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‘Please bring me home’: British teenager convicted of lying about rape in Cyprus asks Boris Johnson to help

‘Every second of this ordeal has been a waking nightmare,’ says 19-year-old

Maya Oppenheim
Women’s Correspondent
Friday 03 January 2020 13:11 GMT
British teenager found guilty of lying about Cyprus gang-rape

A British teenager found guilty of lying about being gang raped in Cyprus has pleaded with Boris Johnson to help secure her to return to the UK.

The 19-year-old woman, who alleged she was sexually assaulted by up to 12 Israeli tourists in a hotel room in the party resort of Ayia Napa, faces a year in prison following her conviction this week.

A judge at Famagusta District Court in Paralimni ruled she had lied to police about the alleged assault on 17 July, but the teenager maintains she was forced by officers to sign a confession withdrawing the rape complaint.

The woman, who has had her passport confiscated by authorities, appealed to the British prime minister and foreign secretary Dominic Raab to “please bring me home”.

“Every second of this ordeal has been a waking nightmare,” said the teenager, who has not been named.

“I’m 19 and all I want to do is clear my name and come home to my family,” she told The Sun.

“I would say to both the foreign secretary and prime minister, both of whom are fathers, please support me with your actions, not just with your words.”

The woman, who will be sentenced on Tuesday, spent four and a half weeks in a prison in the capital Nicosia over the summer.

The Foreign Office reportedly contacted her family on Thursday for the first time since she was convicted.

Michael Polak, a British human right lawyer from Justice Abroad, a legal aid group providing help to the teen’s family, told The Independent she was a victim of a “grave injustice and should be pardoned”.

He added: “There are calls for the attorney general to take over her case and end it. We are calling for him to intervene.

“We believe she should never have been put on trial. We made written representations to the attorney general at the start asking him to discontinue proceedings.

“We want the teen to leave Cyprus without a conviction. A conviction will affect jobs she can do in the UK and associations and groups she can be a member of. The teenager has suffered a lot during and since being raped. She is determined to get justice in Cyprus or at the European Court of Human Rights if need be.”

Several prominent legal figures in Cyprus have written to attorney general Costas Clerides asking him to intervene in the case.​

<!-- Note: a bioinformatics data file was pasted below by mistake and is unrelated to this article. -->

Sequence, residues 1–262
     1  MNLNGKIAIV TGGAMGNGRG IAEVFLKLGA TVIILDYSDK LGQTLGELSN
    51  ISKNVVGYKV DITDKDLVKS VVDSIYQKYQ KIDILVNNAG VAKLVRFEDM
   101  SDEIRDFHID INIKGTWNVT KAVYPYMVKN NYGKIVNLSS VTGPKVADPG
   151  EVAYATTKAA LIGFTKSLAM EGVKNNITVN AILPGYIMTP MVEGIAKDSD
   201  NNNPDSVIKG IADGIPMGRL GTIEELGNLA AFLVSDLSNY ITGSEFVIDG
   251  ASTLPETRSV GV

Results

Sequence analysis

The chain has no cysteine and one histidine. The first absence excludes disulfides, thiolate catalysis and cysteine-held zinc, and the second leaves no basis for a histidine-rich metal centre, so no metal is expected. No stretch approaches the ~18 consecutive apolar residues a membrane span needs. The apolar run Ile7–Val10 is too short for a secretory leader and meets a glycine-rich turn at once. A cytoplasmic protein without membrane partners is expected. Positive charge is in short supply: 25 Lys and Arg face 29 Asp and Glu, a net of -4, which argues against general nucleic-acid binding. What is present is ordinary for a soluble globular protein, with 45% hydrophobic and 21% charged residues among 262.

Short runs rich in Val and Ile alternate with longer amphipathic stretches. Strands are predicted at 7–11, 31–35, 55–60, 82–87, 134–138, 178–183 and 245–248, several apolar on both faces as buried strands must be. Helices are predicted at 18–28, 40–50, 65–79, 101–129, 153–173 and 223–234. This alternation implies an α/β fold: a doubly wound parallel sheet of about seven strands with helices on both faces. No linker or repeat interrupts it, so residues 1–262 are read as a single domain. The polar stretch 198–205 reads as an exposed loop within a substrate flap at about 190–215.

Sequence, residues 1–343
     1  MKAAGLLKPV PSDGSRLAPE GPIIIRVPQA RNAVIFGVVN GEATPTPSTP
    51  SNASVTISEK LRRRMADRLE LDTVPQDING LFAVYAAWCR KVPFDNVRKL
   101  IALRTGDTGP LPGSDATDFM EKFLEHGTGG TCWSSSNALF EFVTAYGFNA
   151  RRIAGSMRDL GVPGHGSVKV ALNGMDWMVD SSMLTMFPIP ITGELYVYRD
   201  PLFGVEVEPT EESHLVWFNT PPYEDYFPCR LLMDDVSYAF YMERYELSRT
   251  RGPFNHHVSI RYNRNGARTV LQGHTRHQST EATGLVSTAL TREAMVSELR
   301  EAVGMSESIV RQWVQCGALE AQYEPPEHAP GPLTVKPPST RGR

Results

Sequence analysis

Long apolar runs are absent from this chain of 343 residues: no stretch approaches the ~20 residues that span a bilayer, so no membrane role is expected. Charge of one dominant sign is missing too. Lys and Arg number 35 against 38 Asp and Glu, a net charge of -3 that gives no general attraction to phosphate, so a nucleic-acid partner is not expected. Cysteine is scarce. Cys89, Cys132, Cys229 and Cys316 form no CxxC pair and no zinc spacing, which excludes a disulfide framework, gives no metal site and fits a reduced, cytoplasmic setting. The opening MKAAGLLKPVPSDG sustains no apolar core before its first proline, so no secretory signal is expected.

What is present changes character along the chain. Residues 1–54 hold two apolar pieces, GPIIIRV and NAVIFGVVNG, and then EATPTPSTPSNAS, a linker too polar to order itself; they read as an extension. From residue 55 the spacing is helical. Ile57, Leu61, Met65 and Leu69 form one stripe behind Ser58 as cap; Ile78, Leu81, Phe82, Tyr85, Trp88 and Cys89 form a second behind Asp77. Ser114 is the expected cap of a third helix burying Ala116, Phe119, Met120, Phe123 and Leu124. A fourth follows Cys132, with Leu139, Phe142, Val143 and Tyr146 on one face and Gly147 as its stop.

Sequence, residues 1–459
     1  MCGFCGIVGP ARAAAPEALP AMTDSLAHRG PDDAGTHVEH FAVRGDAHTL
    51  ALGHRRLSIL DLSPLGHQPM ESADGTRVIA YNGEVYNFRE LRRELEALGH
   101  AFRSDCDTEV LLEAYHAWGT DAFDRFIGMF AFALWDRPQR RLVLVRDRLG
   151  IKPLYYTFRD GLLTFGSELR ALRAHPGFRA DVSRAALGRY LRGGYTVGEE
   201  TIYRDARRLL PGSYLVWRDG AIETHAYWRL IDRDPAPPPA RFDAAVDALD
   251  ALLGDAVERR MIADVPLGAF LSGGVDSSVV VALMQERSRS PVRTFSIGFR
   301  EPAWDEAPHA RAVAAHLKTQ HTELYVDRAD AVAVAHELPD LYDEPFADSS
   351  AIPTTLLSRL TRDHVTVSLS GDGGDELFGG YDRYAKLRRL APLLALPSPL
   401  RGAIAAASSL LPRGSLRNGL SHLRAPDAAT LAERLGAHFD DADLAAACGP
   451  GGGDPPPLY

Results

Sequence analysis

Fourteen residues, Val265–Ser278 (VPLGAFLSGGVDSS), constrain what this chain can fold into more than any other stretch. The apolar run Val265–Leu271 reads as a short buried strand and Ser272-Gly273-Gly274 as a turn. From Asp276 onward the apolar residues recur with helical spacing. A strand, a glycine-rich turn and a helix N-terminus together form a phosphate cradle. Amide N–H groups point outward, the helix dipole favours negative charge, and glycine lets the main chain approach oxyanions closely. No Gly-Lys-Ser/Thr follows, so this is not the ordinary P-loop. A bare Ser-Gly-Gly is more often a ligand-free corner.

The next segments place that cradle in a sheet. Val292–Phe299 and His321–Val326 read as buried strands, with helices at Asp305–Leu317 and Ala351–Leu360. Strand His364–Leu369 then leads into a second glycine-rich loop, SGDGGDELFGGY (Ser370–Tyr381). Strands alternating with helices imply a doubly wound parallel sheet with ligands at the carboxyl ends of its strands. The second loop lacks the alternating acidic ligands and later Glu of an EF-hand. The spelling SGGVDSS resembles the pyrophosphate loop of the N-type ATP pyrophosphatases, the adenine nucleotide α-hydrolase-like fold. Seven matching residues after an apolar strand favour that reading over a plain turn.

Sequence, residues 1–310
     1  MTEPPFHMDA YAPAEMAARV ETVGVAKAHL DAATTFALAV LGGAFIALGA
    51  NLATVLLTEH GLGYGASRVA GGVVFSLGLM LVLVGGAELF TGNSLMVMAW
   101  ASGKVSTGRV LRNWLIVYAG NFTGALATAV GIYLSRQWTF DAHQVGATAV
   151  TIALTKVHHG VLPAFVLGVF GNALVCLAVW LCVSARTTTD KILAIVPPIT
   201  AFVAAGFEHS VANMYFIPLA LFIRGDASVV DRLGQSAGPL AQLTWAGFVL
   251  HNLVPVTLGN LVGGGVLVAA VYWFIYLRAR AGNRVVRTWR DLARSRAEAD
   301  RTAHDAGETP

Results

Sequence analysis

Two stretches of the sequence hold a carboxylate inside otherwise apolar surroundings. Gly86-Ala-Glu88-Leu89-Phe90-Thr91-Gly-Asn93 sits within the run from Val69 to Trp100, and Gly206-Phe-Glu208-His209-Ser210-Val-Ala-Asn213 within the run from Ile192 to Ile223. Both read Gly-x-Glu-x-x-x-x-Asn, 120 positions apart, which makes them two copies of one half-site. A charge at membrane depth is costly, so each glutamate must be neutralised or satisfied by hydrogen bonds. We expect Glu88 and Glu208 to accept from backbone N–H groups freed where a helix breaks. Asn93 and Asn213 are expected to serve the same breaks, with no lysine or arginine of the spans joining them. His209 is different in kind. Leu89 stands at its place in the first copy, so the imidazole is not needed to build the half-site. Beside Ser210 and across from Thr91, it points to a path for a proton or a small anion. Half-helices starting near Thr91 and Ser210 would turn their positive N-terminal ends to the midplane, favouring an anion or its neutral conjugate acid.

One of them, Cypriot MP Kypros Chrysostomides, ​told BBC Breakfast: “The majority of the public in Cyprus feels that the young lady has already been punished enough. She has been in detention for four and a half weeks and she is not able to travel to England during the proceedings.

“We believe that the attorney general, who is the appropriate organ to exercise, initiate or discontinue criminal proceedings, should have done that already for the public interest.”

In October, a court heard the group of young Israeli men had been “aggressively” planning to have sex with the woman. The men were heard plotting in a “very bad way” to “do orgies” with the teenager, the court was told.

The young woman’s lawyers say she was raped and her retraction should not be allowed to be used as evidence because investigators pressured her and threatened her and her friends with arrest.

The UK Foreign Office has branded her conviction “deeply distressing” and said it was “seriously concerned” about the fairness of her trial, but the Cypriot government maintained it had “full confidence in the justice system and the courts” and argued they “should be left unfettered to implement state laws and deliver justice”.​

An online crowdfunding appeal to raise money for legal support for the teenager has passed £120,000, exceeding a £105,000 target.

The GoFundMe page was set up by British lawyer John Hobbs in August to raise cash for the young woman’s legal representation.

The young woman’s mother, who also cannot be identified for legal reasons, said her daughter was experiencing post-traumatic stress disorder and was sleeping 20 hours a day due to a condition called hypersomnia.

She supported calls for a tourism boycott of Cyprus and argued Ayia Napa was not a safe place.

Additional reporting by Press Association

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